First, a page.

07-21-2007, 03:12 PM
07-22-2007, 04:11 PM
Yup that's what the Haynes Manual Says. Remove Intake manifold and they are directly beneath that. Why o Why, Why o Why, Why o Why, did GM put those F*ck'in things there. Seems pretty ridiculous to me anyways.
Let us know how you make out?
07-23-2007, 02:11 PM
so in order to even check to see if the connection to them is bad i have to remove the manifold and thus replace the gasket to that? nice
07-23-2007, 07:58 PM
You can see it if you look up at it from under your truck. It is a bitch to even see, so I doubt you would have room to swing a wrech, but it might be worth a try.
07-23-2007, 07:58 PM
If they're like the '03's, the gaskets are plastic with an embedded silicone (I think) seal that you can reuse.
07-24-2007, 01:43 PM
yeah i thought about that after the fact haha.i got the intake off anyway.but which one is bank 2? i wanna assume its the back one, and thats the one that looks in bad shape
07-24-2007, 01:46 PM
I would replace them both while you're under there. Not positive which is which...
07-24-2007, 01:49 PM
yeah i probably.thanks for the help
07-25-2007, 06:29 AM
Some guys will squirt some silicone around the rubber seal of the knock sensors to keep water out. The water tends to get in at the front of the intake manifold where the foam piece is. Small piece of prevention to prevent them from corroding again.
07-25-2007, 02:43 PM
So is it a really big job to remove the intake? I'm reasonably Mechanically inclined but, I might be a little nervous when it comes to that job.
I'm not having any problems yet, but, perhaps when the time comes I just wondered how big a job it was?
07-25-2007, 02:48 PM
It's the furthest I've ever been into an engine, just to give you an idea of my limited experience and it wasn't really hard. I mean it takes some time and you have to unplug a few things, remember where they went, etc. You can do it without unhooking the fuel lines but it would be easier to unhook them, which requires a special tool. In the end I wish I had rented one to make it a little easier. But if you're mechanically inclined, you can do it.
07-25-2007, 03:43 PM
Its not a difficult job and the fuel line tools can be purchased for a few bucks at any auto parts store.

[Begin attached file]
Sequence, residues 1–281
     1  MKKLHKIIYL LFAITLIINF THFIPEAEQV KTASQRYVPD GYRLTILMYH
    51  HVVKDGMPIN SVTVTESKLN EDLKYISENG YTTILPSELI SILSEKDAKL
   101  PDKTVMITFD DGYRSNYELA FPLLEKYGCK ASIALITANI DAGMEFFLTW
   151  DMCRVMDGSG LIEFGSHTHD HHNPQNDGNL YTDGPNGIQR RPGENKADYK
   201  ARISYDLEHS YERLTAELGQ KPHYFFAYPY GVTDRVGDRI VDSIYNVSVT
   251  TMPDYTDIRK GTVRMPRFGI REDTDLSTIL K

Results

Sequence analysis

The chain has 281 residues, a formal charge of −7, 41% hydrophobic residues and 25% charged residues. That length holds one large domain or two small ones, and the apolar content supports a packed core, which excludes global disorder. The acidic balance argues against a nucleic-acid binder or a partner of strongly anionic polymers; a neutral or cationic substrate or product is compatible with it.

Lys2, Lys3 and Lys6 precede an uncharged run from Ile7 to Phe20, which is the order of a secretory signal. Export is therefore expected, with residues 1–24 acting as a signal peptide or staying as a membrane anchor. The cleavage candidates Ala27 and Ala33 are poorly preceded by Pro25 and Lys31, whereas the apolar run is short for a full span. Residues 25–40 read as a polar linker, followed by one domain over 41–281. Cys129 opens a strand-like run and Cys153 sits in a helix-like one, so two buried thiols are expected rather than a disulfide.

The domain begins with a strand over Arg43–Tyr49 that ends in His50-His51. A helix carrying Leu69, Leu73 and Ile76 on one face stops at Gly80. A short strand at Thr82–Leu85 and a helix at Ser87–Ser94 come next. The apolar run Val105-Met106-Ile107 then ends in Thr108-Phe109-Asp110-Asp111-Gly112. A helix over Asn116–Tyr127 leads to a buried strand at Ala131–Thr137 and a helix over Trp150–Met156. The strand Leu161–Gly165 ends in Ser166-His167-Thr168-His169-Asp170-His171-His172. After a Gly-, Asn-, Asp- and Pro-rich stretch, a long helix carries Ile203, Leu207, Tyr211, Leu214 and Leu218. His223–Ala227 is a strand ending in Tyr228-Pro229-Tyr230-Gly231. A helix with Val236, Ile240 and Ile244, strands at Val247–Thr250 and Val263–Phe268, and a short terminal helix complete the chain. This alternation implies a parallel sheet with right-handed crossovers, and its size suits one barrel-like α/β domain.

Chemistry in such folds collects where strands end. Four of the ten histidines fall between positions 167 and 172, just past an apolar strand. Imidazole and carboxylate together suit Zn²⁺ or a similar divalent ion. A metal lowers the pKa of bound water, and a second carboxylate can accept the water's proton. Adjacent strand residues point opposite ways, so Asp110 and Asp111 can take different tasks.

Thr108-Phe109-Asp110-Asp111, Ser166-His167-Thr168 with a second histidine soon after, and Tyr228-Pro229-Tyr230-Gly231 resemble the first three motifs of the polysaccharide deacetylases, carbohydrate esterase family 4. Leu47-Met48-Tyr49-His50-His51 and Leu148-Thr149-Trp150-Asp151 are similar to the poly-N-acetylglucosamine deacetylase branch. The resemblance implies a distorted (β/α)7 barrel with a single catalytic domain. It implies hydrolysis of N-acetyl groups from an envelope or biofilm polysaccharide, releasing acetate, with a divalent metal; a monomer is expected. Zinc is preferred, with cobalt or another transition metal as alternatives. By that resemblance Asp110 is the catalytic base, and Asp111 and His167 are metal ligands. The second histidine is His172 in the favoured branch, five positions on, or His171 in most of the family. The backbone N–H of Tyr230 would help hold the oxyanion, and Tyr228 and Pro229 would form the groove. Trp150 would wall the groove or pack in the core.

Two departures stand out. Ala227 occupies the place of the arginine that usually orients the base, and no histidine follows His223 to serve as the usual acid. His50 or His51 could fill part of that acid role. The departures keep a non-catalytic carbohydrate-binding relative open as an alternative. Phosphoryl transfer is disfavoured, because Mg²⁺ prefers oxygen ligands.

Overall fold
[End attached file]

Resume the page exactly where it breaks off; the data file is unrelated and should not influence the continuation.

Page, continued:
The intake is pastic so dont try and kill the intake bolts, they actually bottom out before you can over torque them.
The knock can be tested before you take the intake off. Take the plastic motor cover off and (standing at the grill) on the right side of the intake toward the back there is a plug that comes from the back side of the intake and joins in the harness. Its clipped to the intake and has a blue retention clip. Its a 2 wire plug.
This is the harness to the 2 knock sensors. Unplug the knocks there and drive the truck. If the rear knock is bad due to the moisture problem then the PCM will stop looking at them once there unplugged which will put the timing to a baseline. If no change in the knock happens its not the knock sensors. Might want to check a clogged fuel rail then!!!! (HINT HINT)
If you do pull the intake make sure you get the updated one from GM. The old one would shrink and suck air on cold start ups. Oh and dont forget to take the foam inserts out of the intake before you re install it.
07-25-2007, 04:13 PM
Yes, Bank 2 is the rear sensor. You do have to pull the intake off, as they are located underneath, and screw directly into the top of the lifter valley. The intake gaskets can be reused as long as the silicone bead is not flat. When I changed these on our '99, and also on the '02 which I rebuilt the 5.3 on, I used silicone on the plastic cover, both on the outside of the cover and also on the inside where the wire passes through.
07-25-2007, 06:57 PM
Forget my answer, it appears the mods don't want my business.
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